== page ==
The use of chaotic elements is compared with the possible use of periodic elements on one hand, and random elements on the other. It is not possible to extract *all* the different logic responses from the *same* element in case of periodic components, as the temporal patterns are inherently very limited. Therefore, periodic elements do not offer flexibility. Random elements, on the other end, have many different temporal sequences; but they are *not deterministic* and hence one cannot use them to *design* components. Only chaotic dynamics enjoys both richness of temporal behaviour and determinism. Here, we have shown how one can select temporal responses corresponding to different logic-gate patterns from such dynamics, and this ability allows us to construct flexible hardware (our efforts are in contrast to the earlier efforts of Toth (1995)1).

The above theoretical scheme of implementing logic gates has been completely verified in proof-of-principle experiments on logistic map circuits. We have also extended the scheme to realize combination logic circuits, such as half-adders. Therefore, the robust cascading of these dynamic logic units allows the construction of basic computation modules, which are important steps towards implementing bit-by-bit arithmetic operations and computer memory.

One can also use continuous time-chaotic systems, for instance, the Chua's circuit given by equations (2.2)–(2.4), to implement logic gates via the simple thresholding discussed in the section above (Murali *et al*. 2003*a*,*b*). A representative example is the implementation of the fundamental NOR operation on a pair of inputs (*I*_{1}, *I*_{2}). This simply involves setting an input-dependent threshold *x*^{*}+*X*_{1}+*X*_{2}, where *X*=0 when *I*=0 and *X*=*δ* when *I*=1 (see figure 5 for a schematic). That is, the threshold level is: *x*^{☆} if the input set is (0, 0), *x*^{*}+δ if the input set is (0, 1)/(1, 0) and *x*^{*}+2*δ* if the input set is (1, 1). The output is interpreted as 0 if the thresholded variable *x*_{i} is below threshold. The output is interpreted as 1 if the thresholded variable *x*_{i} is above threshold, and *x*_{i}−*x*^{*}=*δ*.

Now, for the NOR gate, we must have an output 1 for input set (0, 0), and output 0 for input sets (0, 1), (1, 0) and (1, 1). This is obtained robustly for *x*^{☆}∼0 and *δ*∼1.84, as evident from figure 6.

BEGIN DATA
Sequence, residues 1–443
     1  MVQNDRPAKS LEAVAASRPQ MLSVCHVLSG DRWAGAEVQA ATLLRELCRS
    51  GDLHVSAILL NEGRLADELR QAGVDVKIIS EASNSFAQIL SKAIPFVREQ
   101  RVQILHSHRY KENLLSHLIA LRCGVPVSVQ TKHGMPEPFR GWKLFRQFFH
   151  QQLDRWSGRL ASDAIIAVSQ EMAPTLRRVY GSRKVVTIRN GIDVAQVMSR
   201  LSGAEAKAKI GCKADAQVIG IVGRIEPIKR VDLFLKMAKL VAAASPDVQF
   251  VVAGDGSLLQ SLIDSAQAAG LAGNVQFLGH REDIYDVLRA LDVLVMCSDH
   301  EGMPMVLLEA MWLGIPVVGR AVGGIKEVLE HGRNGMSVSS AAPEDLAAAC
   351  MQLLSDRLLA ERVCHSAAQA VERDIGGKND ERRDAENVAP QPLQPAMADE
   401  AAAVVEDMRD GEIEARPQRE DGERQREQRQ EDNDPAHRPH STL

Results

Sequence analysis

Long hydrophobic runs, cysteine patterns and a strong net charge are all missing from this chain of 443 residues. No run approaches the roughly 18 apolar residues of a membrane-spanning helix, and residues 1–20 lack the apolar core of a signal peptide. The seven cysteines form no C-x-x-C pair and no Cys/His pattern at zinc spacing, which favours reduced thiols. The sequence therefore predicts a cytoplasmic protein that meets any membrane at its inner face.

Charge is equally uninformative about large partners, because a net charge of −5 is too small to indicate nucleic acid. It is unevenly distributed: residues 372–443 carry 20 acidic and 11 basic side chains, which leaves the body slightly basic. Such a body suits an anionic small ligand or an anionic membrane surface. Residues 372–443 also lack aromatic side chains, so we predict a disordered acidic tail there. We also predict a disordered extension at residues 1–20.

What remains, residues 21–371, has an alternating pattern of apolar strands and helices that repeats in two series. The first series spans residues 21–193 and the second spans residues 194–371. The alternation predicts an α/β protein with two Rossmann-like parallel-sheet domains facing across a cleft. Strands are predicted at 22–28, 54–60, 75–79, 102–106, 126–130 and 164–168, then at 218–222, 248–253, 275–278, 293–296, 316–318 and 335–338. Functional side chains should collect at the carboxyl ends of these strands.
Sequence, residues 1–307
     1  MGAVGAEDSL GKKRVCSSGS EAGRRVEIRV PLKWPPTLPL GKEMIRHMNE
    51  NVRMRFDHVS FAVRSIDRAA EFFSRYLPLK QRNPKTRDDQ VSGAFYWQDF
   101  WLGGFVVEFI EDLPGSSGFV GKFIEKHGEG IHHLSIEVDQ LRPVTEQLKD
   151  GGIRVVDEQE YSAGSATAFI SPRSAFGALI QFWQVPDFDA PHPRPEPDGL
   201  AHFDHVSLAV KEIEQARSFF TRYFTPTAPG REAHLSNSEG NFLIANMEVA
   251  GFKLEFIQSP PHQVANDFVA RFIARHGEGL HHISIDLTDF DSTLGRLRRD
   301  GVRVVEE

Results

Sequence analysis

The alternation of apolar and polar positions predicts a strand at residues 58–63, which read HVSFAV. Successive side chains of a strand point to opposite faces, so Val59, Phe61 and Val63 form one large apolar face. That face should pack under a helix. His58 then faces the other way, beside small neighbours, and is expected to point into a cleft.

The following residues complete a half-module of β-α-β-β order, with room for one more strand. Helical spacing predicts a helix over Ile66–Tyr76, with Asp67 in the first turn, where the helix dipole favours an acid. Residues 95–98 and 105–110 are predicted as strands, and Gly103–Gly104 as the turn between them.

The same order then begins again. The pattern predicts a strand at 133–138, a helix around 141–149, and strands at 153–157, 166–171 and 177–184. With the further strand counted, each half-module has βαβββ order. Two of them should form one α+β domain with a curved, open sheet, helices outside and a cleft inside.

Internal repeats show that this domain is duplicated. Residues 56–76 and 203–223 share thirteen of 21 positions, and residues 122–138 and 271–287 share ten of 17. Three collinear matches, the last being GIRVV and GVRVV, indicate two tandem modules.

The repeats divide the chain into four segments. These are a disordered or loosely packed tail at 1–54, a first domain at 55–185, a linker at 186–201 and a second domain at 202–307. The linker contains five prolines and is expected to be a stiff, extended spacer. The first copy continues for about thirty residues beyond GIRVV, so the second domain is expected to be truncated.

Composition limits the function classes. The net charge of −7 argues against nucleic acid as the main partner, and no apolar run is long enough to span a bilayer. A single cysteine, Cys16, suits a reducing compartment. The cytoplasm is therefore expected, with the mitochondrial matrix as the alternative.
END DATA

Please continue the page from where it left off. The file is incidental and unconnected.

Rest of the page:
Therefore, unlike conventional *static* architecture-based computing paradigms, these dynamical computing elements have flexibility and re-configurable capability (Sinha *et al*. 2002*a*,*b*). Thus, it can yield a gate architecture that can dynamically switch between different gates, without rewiring the circuit. Such configuration changes can be implemented either by a predetermined schedule or by the outcome of computation. Therefore, the flexibility of obtaining different logic operations using varying thresholds on the same physical element may lead to new dynamic architecture concepts (Taubes 1997).

Further, since all logic gates are obtained from identical single chaotic circuits, one can envision that this will enable more efficient packing, in analogue programmable gate implementations, as well as more efficient design. Another significant potential advantage is also related to making all elements identical. With clever programming approaches that take advantage of identical elements, elements that endure damage or errors can be effectively disconnected from the whole bath of chaotic elements and the remaining elements can continue normal operations.

In conclusion, we have demonstrated the basic principles of a universal programmable chaotic logic unit that can potentially provide the starting point for more mature approaches of flexibly dynamic computational platforms, based on the principle of large numbers of identical, re-configurable and re-programmable units.

## Acknowledgements

This work was supported under a grant from the US Office of Naval Research (N00014-02-1019).

## Footnotes

One Contribution of 15 to a Theme Issue ‘Exploiting chaotic properties of dynamical systems for their control’.

↵Our efforts are in contrast to the earlier efforts of Toth, A. & Showalter, K. 1995

*J. Chem. Phys*.**103**, 2058, who obtain gates from chemical systems by delicately tuning many parameters (involving both the construction of the apparatus, as well as the geometric configuration and timing of the input and output waves). Fine adjustments of these lead to the desired phenomena. In contrast here we have an adjustable threshold defining all the gates from the same system.

- © 2006 The Royal Society